[Snort-users] Snort on DNA/Libzero performance tuning
livio at ...15149...
Thu Dec 20 12:58:28 EST 2012
We have not tested the libzero and bpf combination,
but with PF_RING NAPI you should be able to get several gigs with that hardware..
You can look at http://www.metaflows.com/technology/10-gbps-pf_ring-2/
for some performance comparison between PF_RING NAPI and PF_RING_DNA.
In general, given our experience, I would say that the best way to use your
hardware would be to spawn as many snort processes as you have cores like:
|for| |i ||in| |`||seq| |0 1 y`; ||do|
|snort -c snort.serv.conf -N -A none -i ethx --daq-||dir|
|--daq pfring --daq-var clusterid=10 &|
Notice that there is no bindcpu option! When running snort, the bottleneck is
the CPU not the packet IO.. So, letting the processes float on the cores seems
to give the best performance.
Here are a few other things:
o Do you have rules with long lists of IPs like [ip1,ip2,ip3,ip4...]
etc? These types of rules are horribly slow because snort matches them
linearly. If so, try disabling them and see if things improve (if so,
let me know we have a plugin for that). You can also configure snort with
--enable-perfprofiling to see if there are bad rules that are taking
too much time.
o A big buffer can always help. When you load the pf_ring kernel module
give it at least 65k and place your interfaces in transparent mode 1 as in:
transparent_mode=1 min_num_slots=65536 (or even more than 65k if your
kernel can handle it). You might need to also increase the kernel memory
with vmalloc=256M as a boot parameter.
o On some of our processors we got very good performance improvements by
compiling snort with "-march=native -fomit-frame-pointer -O3"
o What does cat /proc/interrupts show? Do you map the eth* IRQs to
different CPUs or does CPU 0 do all the interrupts?
o Then there is the snort.conf.. I will let other people chime on that..
Here are just a few things I can think of right now..
On 12/19/2012 4:50 PM, Craig Merchant wrote:
> I'm new to running Snort in fairly high throughput environment. We
> have a Snort sensor running in IDS mode and using a SPAN port. That
> core switch generally handles traffic volumes between 150 Mbit/sec to
> 600+ Mbit/sec.
> We purchased a Silicom fiber NIC and have installed the PF_RING
> drivers that use DNA and Libzero. The sensor has 32 cores in it.
> I've used the Libzero pfdnacluster_master to divide our traffic into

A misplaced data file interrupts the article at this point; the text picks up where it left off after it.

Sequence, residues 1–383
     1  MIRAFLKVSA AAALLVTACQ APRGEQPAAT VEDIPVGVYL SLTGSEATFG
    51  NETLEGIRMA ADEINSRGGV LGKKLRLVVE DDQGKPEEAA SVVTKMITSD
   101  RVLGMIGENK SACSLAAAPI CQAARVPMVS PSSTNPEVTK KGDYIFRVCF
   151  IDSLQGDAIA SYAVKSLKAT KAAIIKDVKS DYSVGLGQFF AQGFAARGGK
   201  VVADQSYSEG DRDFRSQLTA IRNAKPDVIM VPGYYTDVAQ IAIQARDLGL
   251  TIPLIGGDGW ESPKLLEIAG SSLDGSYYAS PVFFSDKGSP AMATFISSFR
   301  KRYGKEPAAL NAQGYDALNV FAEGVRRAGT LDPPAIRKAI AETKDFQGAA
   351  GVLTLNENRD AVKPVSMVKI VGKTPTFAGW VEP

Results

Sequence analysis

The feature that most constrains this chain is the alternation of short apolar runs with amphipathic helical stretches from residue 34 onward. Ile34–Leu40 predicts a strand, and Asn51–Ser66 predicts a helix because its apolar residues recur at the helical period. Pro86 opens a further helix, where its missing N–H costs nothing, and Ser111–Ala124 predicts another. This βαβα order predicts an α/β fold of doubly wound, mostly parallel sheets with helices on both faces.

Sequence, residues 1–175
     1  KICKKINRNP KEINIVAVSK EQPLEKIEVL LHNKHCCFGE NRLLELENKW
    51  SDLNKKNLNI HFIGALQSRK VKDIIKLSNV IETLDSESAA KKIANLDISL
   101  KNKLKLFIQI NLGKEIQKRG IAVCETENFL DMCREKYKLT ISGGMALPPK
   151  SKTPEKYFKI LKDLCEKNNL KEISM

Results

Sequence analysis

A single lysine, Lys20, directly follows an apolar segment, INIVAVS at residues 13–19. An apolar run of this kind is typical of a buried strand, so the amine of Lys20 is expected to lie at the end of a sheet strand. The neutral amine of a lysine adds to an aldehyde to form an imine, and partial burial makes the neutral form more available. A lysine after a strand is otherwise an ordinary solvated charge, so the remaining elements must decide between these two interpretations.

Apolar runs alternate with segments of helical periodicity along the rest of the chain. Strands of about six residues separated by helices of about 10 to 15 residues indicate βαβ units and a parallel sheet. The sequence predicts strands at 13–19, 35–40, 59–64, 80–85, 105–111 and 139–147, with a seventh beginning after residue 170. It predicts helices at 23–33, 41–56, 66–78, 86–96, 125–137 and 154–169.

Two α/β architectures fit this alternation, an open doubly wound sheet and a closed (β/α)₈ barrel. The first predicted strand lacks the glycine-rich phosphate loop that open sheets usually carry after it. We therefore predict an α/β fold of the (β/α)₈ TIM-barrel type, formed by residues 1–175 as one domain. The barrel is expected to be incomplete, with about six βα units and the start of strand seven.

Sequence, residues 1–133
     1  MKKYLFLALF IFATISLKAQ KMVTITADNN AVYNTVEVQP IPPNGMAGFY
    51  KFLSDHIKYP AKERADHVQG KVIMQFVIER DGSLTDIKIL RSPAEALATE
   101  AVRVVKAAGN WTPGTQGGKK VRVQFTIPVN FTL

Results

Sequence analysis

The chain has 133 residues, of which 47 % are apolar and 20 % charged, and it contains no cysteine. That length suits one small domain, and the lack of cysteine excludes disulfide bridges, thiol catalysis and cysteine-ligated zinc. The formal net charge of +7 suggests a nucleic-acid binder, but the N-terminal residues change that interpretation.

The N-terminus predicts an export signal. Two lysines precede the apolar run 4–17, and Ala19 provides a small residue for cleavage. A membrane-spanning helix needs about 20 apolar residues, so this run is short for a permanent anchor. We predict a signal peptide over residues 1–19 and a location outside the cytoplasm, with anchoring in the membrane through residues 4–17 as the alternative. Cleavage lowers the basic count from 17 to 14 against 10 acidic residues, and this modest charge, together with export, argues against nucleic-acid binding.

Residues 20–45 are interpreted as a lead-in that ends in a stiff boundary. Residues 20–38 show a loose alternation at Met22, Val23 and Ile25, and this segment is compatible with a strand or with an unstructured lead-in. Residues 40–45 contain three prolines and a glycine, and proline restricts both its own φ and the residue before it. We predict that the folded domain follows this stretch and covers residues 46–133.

> 28 channels so we can run 28 Snort instances.
> Even with no rules applied to snort, some instances run at 90%+ almost
> all the time while others are running around 45%. Libzero doesn't
> load balance traffic by volume, so it's not surprising that we're
> seeing some instances burn more CPU than others. With a ruleset of
> only about 180 rules, we're seeing a number of the following messages
> when traffic flows near the top end of the range:
> <29>Dec 19 16:42:09 ids01-dc1 snort: S5: Session exceeded
> configured max bytes to queue 1048576 using 1049163 bytes (server
> queue). 22.214.171.124 51499 --> 126.96.36.199 25 (0) : LWstate 0x48
> LWFlags 0x406107
> The command we use to start snort is (instance 10 in this example):
> snort -q -D -e --pid-path /var/run -i dnacluster:10 at ...15345... -c
> /opt/rb/etc/snort/snort.conf -l /var/log/snort/instance-10
> --perfmon-file /var/log/snort/instance-10/stats/snort.stats --daq-dir
> /opt/rb/lib/daq/ --daq pcap --daq-mode passive --daq-var bindcpu=10 -R
> _10 --treat-drop-as-alert
> I'm wondering if there are any DNA/Libzero specific documents or
> threads that deal with performance tuning. Or if there is a
> definitive "best practices" methodology and guide for tuning Snort.
> LogMeIn Rescue: Anywhere, Anytime Remote support for IT. Free Trial
> Remotely access PCs and mobile devices and provide instant support
> Improve your efficiency, and focus on delivering more value-add services
> Discover what IT Professionals Know. Rescue delivers
> Snort-users mailing list
> Snort-users at lists.sourceforge.net
> Go to this URL to change user options or unsubscribe:
> Snort-users list archive:
> Please visit http://blog.snort.org to stay current on all the latest Snort news!
-------------- next part --------------
An HTML attachment was scrubbed...
More information about the Snort-users